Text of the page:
Bertozzi got into digital as an “instinctive move” back in 1999, when digital was so far off the radar that colleagues emailed Zenith Interactive Solutions, the division founded by Damian Blackden, now EMEA president of digital at OMG, to ask if they could fix their computers. He recalls: “Anyone who got involved in [digital] back then had no knowledge it would be the big thing of the future. TV was the power-base of the agency and I was being promoted, but I couldn’t see myself staying in television.”
Now, of course, Google’s ad revenue has outstripped ITV, and the challenge is to keep up with how technology evolves. Bertozzi started his own blog last autumn, Bertozzi’s Bytesize, purely to understand the digital ecosystem: its viral effect, how people communicate and where the traffic is coming from. He says: “The audience is fragmenting and there are more and more ways of communicating with consumers. The way we plan and buy media, particularly digital media, has to change, because it is so fragmented and there are so many sites.”
The solution, Bertozzi says, is to solve the “big battleground” around data and how it relates to ad exchanges and targeting. He says: “The right audience delivers the best sales. So the future is about technology that allows you to target people in a more sophisticated way, taking into account previous behaviours and overlaying other data sources. I like to think there isn’t a digital buyer in town who isn’t excited by ad exchanges and that side of the business.”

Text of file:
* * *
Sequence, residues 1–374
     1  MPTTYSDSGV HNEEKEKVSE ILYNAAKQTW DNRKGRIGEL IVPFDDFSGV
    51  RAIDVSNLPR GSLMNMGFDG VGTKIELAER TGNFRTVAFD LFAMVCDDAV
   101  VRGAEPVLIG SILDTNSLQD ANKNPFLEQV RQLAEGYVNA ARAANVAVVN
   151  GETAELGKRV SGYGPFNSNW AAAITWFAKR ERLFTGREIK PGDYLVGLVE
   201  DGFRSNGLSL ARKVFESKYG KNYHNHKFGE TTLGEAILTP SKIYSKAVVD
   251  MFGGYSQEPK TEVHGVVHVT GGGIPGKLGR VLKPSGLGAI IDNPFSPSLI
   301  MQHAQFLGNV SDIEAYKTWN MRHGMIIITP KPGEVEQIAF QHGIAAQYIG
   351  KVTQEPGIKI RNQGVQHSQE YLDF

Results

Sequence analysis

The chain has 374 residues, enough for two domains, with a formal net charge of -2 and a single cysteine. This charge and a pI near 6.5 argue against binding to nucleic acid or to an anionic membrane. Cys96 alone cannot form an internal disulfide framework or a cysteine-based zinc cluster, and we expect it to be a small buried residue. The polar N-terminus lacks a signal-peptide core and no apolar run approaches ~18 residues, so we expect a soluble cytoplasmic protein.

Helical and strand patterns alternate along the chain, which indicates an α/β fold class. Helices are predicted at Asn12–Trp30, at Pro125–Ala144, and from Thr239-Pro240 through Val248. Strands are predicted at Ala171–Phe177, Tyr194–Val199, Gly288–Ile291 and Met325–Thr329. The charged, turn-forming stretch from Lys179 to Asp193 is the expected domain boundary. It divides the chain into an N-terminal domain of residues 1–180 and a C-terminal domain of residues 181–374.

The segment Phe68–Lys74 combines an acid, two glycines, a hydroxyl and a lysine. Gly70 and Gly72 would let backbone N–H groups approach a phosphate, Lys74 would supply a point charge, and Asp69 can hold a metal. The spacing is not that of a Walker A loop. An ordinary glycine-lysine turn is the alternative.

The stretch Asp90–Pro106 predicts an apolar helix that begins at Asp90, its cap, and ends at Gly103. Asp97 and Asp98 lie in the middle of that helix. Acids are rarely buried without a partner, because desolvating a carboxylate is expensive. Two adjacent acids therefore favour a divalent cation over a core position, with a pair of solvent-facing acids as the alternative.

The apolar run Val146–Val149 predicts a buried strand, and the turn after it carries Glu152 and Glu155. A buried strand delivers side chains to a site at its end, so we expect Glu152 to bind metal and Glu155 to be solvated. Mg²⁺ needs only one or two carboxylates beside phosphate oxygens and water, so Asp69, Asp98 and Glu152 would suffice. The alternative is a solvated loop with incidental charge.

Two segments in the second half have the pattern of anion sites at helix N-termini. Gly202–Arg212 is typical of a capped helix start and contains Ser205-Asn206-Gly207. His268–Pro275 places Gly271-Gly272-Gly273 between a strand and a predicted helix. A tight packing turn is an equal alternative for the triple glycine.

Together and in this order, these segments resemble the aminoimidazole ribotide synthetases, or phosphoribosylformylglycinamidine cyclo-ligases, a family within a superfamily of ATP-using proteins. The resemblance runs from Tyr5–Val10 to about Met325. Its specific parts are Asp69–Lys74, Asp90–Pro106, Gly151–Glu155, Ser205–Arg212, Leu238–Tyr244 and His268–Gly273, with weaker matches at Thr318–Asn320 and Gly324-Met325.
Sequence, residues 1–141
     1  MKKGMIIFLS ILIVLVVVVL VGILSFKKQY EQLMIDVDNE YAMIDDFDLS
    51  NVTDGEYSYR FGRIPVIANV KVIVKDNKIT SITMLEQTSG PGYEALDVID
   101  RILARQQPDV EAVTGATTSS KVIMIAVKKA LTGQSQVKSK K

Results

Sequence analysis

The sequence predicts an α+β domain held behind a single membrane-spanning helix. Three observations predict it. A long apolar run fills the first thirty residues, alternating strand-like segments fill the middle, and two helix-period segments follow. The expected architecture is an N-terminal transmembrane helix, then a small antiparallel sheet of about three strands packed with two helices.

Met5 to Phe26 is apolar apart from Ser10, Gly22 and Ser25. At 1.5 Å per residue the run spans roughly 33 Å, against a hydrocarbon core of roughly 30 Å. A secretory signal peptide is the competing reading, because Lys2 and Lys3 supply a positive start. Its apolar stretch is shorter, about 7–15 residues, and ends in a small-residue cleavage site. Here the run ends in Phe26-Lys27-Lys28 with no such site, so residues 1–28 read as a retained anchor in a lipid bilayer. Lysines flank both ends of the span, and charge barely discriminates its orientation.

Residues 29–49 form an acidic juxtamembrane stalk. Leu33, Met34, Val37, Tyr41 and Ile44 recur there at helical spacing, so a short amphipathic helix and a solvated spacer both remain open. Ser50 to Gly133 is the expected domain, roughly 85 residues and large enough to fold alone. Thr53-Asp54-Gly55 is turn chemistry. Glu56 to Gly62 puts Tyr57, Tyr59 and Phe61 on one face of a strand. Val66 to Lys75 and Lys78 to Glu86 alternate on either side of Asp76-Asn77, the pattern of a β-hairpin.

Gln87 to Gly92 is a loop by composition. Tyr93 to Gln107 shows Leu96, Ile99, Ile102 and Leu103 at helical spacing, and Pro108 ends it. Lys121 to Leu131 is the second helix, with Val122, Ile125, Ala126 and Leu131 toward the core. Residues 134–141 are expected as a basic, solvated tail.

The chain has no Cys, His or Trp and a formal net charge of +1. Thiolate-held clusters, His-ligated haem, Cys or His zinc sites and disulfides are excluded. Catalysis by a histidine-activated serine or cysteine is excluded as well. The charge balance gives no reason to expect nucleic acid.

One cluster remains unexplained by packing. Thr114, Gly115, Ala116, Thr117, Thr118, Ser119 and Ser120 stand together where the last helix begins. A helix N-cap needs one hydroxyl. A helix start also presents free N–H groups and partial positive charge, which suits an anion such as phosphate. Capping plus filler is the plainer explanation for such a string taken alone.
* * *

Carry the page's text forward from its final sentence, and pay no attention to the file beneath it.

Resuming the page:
Meanwhile, mobile has had so many false dawns it remains “strangely unresolved”, says Bertozzi, although he believes it will gain momentum over the next year. And social media is coming out of its box to evolve beyond direct response ads on Facebook to a “more refined” art involving blogging, seeding, generating pools of fans and responding to customer issues. “The purer end of social media – when you properly restructure a client’s communications plan around all the social media channels – is still a challenge and that will continue.”
Coming back to the industry following a tough two years, Bertozzi has observed how the recession has “woken people up” to the fact that everything is business critical. “In tough times like recession, people definitely grow up,” he says. In keeping with the new mood of seriousness, Bertozzi is no longer tempted by lavish industry jollies, preferring to drink in low-key haunts with agency colleagues he has known for years, such as the pre-Christmas reunion of Zenith alumni at the Dudley Arms near Paddington.
So, as someone whose career has grown alongside the internet, going from off-the-radar to the central nerve within 10 years, does he now consider himself the elder statesman of digital? Bertozzi, who turned 38 in January, laughs. “No. But there is some pride in the fact that I got involved in digital before the market had confidence in it, as opposed to all the people who joined when they could see it was not going to go away.”
Later, Bertozzi speaks of the day when “the lunatics run the asylum” – when those people who have grown up with digital take the top media agency roles. Bertozzi, with his 12-year pedigree at Zenith, has the credentials to be an agency chief executive, and if his career continues on the same trajectory, the big promotion could come sooner than he thinks. Publicis bosses would be mad not to consider him